Miker

17th level Hacker

Free Software Based PDAs

An article from O’Reilly talks about some open source PDA projects. It does bring up some pretty cool points which I hadn’t previously given all that much thought to, such as being able to move binaries around to different systems. That is a pretty kick ass point if you’re trying to create some open source tools. I’ve been working on a very early stage project to get together some open source tools for Palm devices. But that’s because I use a Palm device for day to day stuff. At some point I expect Linux devices to be perfect for day to day work, but still I prefer Palm devices for the PIM functions. I have tried out a few of the earlier Linux based PDAs, and I’ll probably end up with a Zarus at some point soon. For now however I have been fooling around with Palm apps. And coming back to do some Palm programming after having been away for almost 4 years is a pretty revealing. The Palm platform has grown quite a bit, as one would expect it to as it matured. But I don’t think it has scaled very well. There are a lot of platform parameters now (hardware that may or may not be present, screen resolutions, color capabilities, networking, operating system support, and so on). It has become a lot more like programming for any other operating system. It used to have an elegant simplicity, but in order to take advantage of these capabilities programs can no longer be simple. There is a lot that a programmer might have to take into consideration to ensure that their application works smoothly on all platforms, or in some cases to make sure that it works at all.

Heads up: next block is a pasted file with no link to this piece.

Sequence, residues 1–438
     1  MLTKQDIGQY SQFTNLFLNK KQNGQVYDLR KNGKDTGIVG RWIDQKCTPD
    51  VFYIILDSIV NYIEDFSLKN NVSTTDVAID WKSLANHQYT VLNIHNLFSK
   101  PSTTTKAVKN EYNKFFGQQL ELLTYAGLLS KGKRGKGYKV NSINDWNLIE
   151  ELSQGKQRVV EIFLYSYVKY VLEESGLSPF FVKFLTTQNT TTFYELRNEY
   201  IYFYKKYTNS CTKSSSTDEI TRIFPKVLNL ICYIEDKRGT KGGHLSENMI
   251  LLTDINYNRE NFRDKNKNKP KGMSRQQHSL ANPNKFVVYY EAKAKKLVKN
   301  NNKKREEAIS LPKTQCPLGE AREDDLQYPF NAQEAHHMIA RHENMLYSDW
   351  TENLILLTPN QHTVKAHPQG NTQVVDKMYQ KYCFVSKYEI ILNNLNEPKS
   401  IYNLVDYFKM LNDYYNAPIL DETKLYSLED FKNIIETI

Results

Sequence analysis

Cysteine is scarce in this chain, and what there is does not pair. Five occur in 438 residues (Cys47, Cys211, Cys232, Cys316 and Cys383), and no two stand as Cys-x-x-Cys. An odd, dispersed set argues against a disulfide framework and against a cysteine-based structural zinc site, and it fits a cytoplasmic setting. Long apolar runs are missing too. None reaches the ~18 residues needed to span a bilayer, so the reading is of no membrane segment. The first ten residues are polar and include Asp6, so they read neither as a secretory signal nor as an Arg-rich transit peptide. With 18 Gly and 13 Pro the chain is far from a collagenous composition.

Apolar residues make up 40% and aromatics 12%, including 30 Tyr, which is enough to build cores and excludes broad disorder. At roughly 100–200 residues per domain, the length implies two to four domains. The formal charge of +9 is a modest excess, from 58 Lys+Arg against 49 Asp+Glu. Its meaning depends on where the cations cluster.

As the Palm platform moves towards more and more complexity it leaves room for complex systems to move in and grab some of its market. If programming for even the “simple” Palm interface means potentially having to deal with multiple screen resolutions, formats, and input methods why not just go all the way and program for an environment which has had these capabilities from the beginning? Especially if the system shares interfaces with a system that the programmer might already be familiar with. It makes the process of learning a new system much more bearable. Palm used to be the darling of the PDA world because of its simple yet powerful design. It did few things, but what it did it did well. What it could be extended to do was relatively limited, but actually extending it was also simple. This is not so any more. Could careful design of the system extensions have left them with a better system? I have no idea. Maybe they have done perfectly, and their system could be no simpler while retaining the functionality it has. That doesn’t change the fact that I can get a very capable Linux based PDA with more capabilities and which matches my development desires better. Still, I have a Palm now, and I’m a hacker, so I’ll program for it. But I’m keeping my eye out for a nice deal on one of the new Zarus models.